On Tuesday statements out of Pyongyang further pushed tensions on the Korean peninsula to possibly the highest point since the Korean War ended in a cease fire in 1953. The area has never enjoyed a true sense of peace as the nations of North and South Korea tentatively coexist in on a peninsula in Northeast Asia, separated by a highly fortified border of walls, barbed wire, and military installations. The current round of rhetoric has surrounding nations as well as nations across the globe taking notice.
Pongyang’s statement issued Tuesday by the North Korea Asia-Pacific Peace Committee through the state-run media, said that “Once a war is ignited on the peninsula, it will be an all-out war,” and further stated that it didn’t want to see foreign workers, diplomats, or visiting citizens in South Korea to “fall victim” to a conflict in the region. This new volley in the war of words and posturing comes just a week after North Korea warned diplomats in its capitol city of Pongyang that it would not be able to guarantee their safety.
Many countries are viewing the threats from North Korea’s enigmatic young leader Kim Jong Un as troubling, but are not overreacting. Kim Haing, Presidential spokeswoman in Seoul, said these words are nothing but “psychological warfare.” “We know that foreigners residing in South Korea as well as our nationals are unfazed,” she said. The official word out of the British embassy in Seoul was much the same. “We are not commenting on the specifics of every piece of rhetoric from North Korea,” said Colin Gray, the British embassy’s head of media affairs. “Our travel advice remains unchanged. At this moment, we see no immediate threat to British citizens in South Korea.” Even foreign citizens visiting South Korea seemed unfazed by Pyongyang’s statements, saying that they didn’t see things anymore unsettled than they have been for the last several weeks.
While this might just be the latest barrage of heated words from a desperate country’s fiery leader, others are taking the threats seriously. U.N. Secretary-General Ban Ki-moon issued a statement on Tuesday saying that the situation on the peninsula was “very dangerous,” and also warned that any small miscalculated action or response may “create an uncontrollable situation.” According to Admiral Samuel J. Locklear, commander of the U.S. Pacific Command, recent threats from North Korea and continued defiance of U.N. Security Council resolutions represent “a clear and direct threat to U.S. national security and regional peace and stability.” He continued to say at a Senate Armed Services hearing Tuesday that “a major conflict in Korea could have unpredictable, long term, and far reaching impacts due to the central location of the Korean peninsula in Northeast Asia and the vital importance of Northeast Asian trade to the global economy.” He was also quick to say that he was confident that U.S. would be able to defend itself and its friends if conflict with North Korea becomes inevitable.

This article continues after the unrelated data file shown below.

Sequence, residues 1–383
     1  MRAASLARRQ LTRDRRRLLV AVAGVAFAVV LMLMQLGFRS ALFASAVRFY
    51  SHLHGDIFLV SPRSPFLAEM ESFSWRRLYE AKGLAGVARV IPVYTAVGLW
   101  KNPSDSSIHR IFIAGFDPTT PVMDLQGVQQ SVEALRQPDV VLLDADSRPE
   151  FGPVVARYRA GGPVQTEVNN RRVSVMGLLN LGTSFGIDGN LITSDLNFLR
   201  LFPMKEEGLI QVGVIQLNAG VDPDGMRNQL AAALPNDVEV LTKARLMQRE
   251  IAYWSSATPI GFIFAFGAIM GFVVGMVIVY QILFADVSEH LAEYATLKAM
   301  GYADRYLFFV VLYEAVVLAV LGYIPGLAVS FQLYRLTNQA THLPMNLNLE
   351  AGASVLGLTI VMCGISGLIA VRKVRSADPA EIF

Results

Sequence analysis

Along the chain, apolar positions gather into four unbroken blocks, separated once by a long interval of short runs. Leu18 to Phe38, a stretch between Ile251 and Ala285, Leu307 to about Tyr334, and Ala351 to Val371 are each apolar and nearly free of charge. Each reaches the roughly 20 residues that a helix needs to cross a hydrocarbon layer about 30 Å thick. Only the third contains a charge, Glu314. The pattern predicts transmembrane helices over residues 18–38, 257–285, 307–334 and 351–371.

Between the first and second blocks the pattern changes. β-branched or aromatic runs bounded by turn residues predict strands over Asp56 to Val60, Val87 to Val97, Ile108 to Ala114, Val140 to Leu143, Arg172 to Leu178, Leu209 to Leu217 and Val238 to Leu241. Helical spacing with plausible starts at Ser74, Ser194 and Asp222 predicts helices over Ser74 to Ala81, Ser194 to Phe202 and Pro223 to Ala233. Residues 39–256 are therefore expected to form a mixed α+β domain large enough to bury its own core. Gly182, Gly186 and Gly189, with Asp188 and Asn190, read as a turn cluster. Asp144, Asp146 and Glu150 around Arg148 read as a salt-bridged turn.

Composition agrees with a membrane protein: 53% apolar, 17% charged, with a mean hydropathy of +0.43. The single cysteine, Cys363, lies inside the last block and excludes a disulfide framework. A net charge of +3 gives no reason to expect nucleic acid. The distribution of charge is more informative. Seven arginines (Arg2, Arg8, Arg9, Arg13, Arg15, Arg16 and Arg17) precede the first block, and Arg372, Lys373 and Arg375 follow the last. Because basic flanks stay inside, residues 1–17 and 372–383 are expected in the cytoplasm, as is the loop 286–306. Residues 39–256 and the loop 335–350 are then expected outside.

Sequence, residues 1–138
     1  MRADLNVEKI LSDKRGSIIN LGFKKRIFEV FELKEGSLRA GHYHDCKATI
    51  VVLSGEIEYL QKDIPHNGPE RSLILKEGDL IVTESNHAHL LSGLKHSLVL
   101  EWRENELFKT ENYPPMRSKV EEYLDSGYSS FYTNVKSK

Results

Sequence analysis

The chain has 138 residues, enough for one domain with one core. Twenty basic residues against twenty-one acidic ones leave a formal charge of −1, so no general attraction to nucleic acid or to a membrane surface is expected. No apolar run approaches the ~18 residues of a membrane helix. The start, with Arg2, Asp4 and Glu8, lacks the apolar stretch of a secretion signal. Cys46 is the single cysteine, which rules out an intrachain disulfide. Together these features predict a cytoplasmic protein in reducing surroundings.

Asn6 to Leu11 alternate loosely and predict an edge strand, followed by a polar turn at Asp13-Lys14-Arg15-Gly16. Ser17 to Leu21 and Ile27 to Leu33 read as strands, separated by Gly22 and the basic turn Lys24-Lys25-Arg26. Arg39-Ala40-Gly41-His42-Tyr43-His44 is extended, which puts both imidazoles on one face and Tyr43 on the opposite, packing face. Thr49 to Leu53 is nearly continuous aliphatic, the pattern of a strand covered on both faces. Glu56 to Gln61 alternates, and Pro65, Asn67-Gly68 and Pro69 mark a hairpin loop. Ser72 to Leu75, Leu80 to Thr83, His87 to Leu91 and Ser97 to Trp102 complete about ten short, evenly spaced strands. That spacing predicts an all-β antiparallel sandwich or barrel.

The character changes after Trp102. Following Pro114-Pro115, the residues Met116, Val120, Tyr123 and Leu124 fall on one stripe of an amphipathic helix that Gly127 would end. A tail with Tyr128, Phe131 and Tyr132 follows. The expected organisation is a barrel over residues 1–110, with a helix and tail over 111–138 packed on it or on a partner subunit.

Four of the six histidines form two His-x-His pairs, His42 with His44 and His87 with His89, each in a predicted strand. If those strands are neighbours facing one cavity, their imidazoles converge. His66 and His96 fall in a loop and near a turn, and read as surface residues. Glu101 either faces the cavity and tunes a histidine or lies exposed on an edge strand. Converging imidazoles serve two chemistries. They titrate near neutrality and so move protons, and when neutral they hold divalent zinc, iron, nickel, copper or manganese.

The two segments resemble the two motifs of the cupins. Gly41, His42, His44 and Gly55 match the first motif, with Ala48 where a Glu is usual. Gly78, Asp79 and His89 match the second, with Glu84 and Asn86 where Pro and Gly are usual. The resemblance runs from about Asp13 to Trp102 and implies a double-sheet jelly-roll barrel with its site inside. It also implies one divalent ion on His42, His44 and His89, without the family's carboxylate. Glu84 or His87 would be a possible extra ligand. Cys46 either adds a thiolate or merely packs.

Japan also is taking no chances in the wake of the quickly escalating rhetoric. They have already deployed Aegis destroyers in the Sea of Japan in an effort to monitor North Korea after Pyongyang had threatened to use ballistic missiles against the United States, which could possibly be U.S. bases on Japanese soil. The Aegis destroyers are armed with SM-3 interceptor missiles which are designed to destroy ballistic missiles shortly after launch. In response to Tuesday’s threats Japan reinforced its defenses by placing PAC-3 antimissile defense units around Tokyo and Chiba. It is presumed that these units are a fallback shield for Japan against any missiles that might make it through the SM-3 net as the PAC-3s have only a 30km range. Chief Cabinet Secretary Yoshihide Suga, said that Japan would shoot down any missile that was threatening Japanese soil. Currently the Japanese war-renouncing Constitution does not allow for action that would fall under the U.N.-defined collective defense action. Prime Minister Shinzo Abe has proposed a Constitutional change that would allow Japan to intercept missiles that would target the United States, but as yet the Japanese government remains consistent with the current Constitutional stance.
In the United States Kim Jong Un’s rhetoric is continuing to make an impact. According to a new CNN/ORC International poll, more than 4 out of every 10 Americans view North Korea as a real and immediate threat to the U.S. This figure is up over 13% from just a few weeks ago. Keating Holland, CNN Polling Director said “If North Korean leader Kim Jong Un wanted to get the attention of the American public, his strategy is starting to work.”
North Korea has repeatedly ignored U.N. directives on nuclear testing. It has declared that it will reactive a nuclear reactor that had been shut down in an agreement with Washington, Seoul, Beijing and other governmental parties. Kim Jong Un has continued his threats and rhetoric of war and has moved missiles into ready positions. The north has even pulled 53,000 workers out of the Kaesong Industrial Complex which represents the last joint cooperative venture between the two Koreas. There is no doubt that tensions are very high in the Korean powder keg and threaten to rise with each day that passes. In the meantime, the world waits with peace hanging in the balance.